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The Confederation was designed as a temporary civil machine, with which to conduct a war common to the colonies. The Constitution was the later and permanent bond, combining the States under a single government. Without the confederation, there would have been chaos in the revolution; without the constitution, there would have remained the weakness arising from the division and rivalry of States.

It is most interesting to observe the gradual manner in which our civil government crystallized out of the original elements offered by the colonies; and it is wonderful to see with what wise deliberation and patriotic earnestness States differing so widely in manners, in religion, in colonial system, and even in blood and race, were brought together in harmonious coalition, bound with a bond which the greatest civil war of modern times failed to sever, and which it seems only to have confirmed and strengthened.

There were, indeed, local confederations before those which, in 1774, enabled a congress to meet at Philadelphia, and which, in 1777, established articles for a more regular, though still a temporary, civil enginery with which to bring the war to a successful conclusion. More than a century before the first meeting of the Continental Congress, the idea of a confederation had been agitated among the New England colonies. In 1643 a confederation of those colonies was agreed upon at Boston, with twelve organic articles, for the common protection and defense. Here was the very beginning of American unions; and in its features may be discovered traces of the democratic principles of the Pilgrims.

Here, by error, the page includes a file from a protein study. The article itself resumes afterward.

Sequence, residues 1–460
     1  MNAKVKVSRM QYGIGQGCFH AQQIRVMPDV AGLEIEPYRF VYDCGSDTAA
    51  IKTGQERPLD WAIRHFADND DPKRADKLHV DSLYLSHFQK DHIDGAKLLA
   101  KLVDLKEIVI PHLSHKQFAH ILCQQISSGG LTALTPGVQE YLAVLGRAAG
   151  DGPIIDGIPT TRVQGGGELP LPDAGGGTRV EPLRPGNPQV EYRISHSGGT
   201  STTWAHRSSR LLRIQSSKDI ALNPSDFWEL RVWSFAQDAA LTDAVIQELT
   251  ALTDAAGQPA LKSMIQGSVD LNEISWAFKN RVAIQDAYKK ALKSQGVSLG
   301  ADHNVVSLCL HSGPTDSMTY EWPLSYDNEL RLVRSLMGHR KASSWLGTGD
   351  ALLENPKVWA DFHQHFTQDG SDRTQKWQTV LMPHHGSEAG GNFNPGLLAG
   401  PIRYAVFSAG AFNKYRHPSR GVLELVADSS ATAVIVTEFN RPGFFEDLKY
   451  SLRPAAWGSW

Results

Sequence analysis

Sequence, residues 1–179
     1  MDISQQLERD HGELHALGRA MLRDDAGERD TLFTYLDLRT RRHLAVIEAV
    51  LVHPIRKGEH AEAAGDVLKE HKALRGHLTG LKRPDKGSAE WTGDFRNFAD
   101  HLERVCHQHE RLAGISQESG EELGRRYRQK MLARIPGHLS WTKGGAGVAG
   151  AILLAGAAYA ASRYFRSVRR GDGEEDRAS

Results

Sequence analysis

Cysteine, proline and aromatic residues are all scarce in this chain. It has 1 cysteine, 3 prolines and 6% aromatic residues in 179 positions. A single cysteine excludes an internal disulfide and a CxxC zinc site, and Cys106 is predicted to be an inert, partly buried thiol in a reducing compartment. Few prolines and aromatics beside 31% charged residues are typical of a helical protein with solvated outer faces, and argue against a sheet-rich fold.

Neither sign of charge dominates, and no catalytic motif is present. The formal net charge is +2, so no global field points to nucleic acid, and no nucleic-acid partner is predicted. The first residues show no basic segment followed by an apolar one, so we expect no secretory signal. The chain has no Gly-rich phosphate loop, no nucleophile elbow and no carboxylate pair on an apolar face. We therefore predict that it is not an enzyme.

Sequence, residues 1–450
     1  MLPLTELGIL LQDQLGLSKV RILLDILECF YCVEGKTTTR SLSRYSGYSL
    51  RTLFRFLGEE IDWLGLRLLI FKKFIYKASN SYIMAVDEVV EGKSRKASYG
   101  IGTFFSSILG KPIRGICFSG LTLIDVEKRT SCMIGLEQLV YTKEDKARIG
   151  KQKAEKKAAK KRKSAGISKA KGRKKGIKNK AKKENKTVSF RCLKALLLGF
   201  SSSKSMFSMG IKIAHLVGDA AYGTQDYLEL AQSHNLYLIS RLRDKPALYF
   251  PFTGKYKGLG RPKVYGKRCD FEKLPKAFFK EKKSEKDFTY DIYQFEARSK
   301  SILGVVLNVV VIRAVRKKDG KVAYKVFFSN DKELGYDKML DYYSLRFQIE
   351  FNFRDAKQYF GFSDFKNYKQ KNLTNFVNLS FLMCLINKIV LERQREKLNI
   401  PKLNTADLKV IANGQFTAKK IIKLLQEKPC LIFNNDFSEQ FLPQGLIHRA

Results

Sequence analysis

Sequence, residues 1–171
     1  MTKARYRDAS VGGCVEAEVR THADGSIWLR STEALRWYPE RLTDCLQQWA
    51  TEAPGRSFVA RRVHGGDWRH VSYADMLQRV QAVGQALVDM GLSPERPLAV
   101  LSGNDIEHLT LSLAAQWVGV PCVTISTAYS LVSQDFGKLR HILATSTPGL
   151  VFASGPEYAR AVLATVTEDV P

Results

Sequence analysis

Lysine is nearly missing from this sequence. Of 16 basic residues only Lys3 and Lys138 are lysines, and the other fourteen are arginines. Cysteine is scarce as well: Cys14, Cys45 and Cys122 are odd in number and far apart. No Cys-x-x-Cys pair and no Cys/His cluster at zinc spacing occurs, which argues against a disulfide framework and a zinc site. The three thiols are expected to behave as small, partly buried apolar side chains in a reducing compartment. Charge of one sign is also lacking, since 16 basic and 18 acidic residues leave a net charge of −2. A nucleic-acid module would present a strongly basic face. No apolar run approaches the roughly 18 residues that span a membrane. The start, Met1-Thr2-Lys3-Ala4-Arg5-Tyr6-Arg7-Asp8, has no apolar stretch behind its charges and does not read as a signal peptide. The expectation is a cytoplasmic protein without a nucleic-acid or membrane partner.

A general congress of all the colonies met at New York in 1690, for purposes of the conference, when the Stamp Act was promulgated. Massachusetts invited the colonies to meet in a general congress, which assembled at New York in 1765, adopted a declaration of rights, asserted the sole right of taxation to rest in the colonies, and passed other important resolutions. Eleven years before this, commissioners from nearly all of the colonies had met at Albany, and before this body, Benjamin Franklin submitted his famous "project of union." Other conferences and congresses were held between 1765 and 1774; but it was early in September of the latter year that the first formal Continental Congress met, at Philadelphia, mainly to concert measures for resisting the arbitrary acts of the mother country. The rules which guided its deliberations were few and simple; but even so early we find Patrick Henry arguing upon the great question of the rights of the States, which has been a bone of contention in this country from that time to this.

The first formal articles of confederation, after several ineffectual attempts, were adopted on the 15th of November, 1777, when the States were in the midst of the war of independence; but they were not formally ratified by all of the colonies until 1781 when Maryland, at last, agreed to them. These articles contained the germs of nationality, the crude material out of which the much broader and wiser constitution was afterwards framed. The second article provided for the complete "sovereignty, independence, and freedom," of the several States, in all powers not expressly delegated to Congress.